From a continent whose rivers are characterized by blind pink dolphins, electric eels, freshwater stingrays, and Lambada dancers, the pacú is hardly unusual. South America has much to offer to both the students of history and nature lovers. So, for people visiting from outside of the Americas, the pacú is yet another of its wonders.
The name ‘pacú’ actually covers several species and is applied incorrectly by aquarists in North America. In South America, pacú is the vernacular for small and medium-sized fishes of the Metynnis, Mylosomma, and Myleus genera. So, in countries such as Paraguay, Brazil, and Venezuela, the various species of what North Americans know as pacú are called ‘tambaqui’, ‘pirapitinga’, and other such names of Amerindian origin. A common species is Colossoma macropomum.
These fish are related to a much smaller fish known to aquarium hobbyists as ‘tetra’ and have a similar physiognomy, but on a much larger scale. Pacú are also related to their famed piranha cousins, which have also found a home in North American aquariums and not a few of its lakes and rivers. Pacú, or piripitinga or tambaqui are economically useful as food fish, being raised in South America – and Thailand as well – by fish farms. Pacú tolerate low-oxygen environments, such as fish ponds. They are omnivores. Besides eating things like snails, small mammals, fish eggs and such, the adults also eat fruit and nuts. Hence the eerie teeth that resemble those found in those other omnivores: human beings.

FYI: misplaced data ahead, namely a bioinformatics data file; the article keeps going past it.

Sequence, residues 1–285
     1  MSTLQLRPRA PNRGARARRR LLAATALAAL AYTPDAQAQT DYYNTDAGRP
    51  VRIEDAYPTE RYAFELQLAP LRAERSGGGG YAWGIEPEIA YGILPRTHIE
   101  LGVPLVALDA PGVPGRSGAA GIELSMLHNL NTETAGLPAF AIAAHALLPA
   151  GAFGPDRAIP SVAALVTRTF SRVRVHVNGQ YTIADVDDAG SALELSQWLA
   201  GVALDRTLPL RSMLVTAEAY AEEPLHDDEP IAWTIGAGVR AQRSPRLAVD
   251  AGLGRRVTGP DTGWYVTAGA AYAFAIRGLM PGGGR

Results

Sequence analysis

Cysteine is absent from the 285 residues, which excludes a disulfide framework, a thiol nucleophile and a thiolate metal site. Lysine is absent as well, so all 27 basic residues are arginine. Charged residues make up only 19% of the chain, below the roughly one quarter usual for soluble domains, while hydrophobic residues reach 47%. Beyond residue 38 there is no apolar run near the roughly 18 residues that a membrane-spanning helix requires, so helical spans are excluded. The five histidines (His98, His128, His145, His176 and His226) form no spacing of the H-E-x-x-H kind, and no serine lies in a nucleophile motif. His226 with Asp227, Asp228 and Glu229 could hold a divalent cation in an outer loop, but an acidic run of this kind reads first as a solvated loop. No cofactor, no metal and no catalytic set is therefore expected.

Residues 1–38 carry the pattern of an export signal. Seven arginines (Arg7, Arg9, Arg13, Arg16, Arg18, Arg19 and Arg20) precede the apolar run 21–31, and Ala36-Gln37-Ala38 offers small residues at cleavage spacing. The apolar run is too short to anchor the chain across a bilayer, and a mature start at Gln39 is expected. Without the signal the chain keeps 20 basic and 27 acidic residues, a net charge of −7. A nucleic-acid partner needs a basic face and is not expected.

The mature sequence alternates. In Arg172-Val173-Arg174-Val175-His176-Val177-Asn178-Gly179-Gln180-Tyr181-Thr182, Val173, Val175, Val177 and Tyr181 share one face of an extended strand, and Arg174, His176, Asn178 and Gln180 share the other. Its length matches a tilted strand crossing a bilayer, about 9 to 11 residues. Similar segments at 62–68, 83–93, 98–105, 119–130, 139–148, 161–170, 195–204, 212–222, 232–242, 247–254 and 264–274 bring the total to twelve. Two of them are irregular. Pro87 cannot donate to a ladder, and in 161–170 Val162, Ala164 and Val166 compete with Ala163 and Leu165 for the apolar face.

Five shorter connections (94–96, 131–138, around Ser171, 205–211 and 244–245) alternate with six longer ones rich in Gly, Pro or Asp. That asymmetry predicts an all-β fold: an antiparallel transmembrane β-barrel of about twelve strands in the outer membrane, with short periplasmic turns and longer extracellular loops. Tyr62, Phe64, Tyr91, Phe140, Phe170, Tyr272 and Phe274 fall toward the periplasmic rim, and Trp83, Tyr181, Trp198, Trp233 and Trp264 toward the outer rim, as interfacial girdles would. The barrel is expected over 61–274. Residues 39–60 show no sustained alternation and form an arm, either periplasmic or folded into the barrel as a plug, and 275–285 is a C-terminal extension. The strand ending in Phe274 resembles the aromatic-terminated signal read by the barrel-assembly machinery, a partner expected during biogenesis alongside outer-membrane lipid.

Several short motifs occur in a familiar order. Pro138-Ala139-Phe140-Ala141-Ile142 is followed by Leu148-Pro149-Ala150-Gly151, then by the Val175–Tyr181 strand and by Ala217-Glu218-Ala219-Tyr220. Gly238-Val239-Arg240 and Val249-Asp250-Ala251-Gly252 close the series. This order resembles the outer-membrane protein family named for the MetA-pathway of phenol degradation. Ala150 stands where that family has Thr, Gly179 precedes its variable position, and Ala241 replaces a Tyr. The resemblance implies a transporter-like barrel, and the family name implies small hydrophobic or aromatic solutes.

Pacú species can reach as much as 60 pounds and more than 36 inches in length. While they are known to be sold to unsuspecting hobby aquarists as ‘vegetarian’ piranhas, they will actually eat anything and their size is not limited to the capacity of a typical aquarium. In Scotland, just a few years ago, a toddler dangled his little fingers in a pacu’s aquarium and was rewarded with a bite that required surgery. In another case, a man in Texas was bitten on the nose by a ravenous pacú when it leapt out of its fish tank.
Again, like Asian carp and other exotic species, pacú have become a problem in places where they have been introduced outside of South America. In the United States, for instance, they are found in several southern states. In Texas, there are some jurisdictions that are offering a $100 bounty for dead pacú caught in lakes and streams there. They are also found as far north as Michigan and Maine, and out in California and Wyoming.
Certainly in California they will find a goodly amount of fruit and nuts to consume.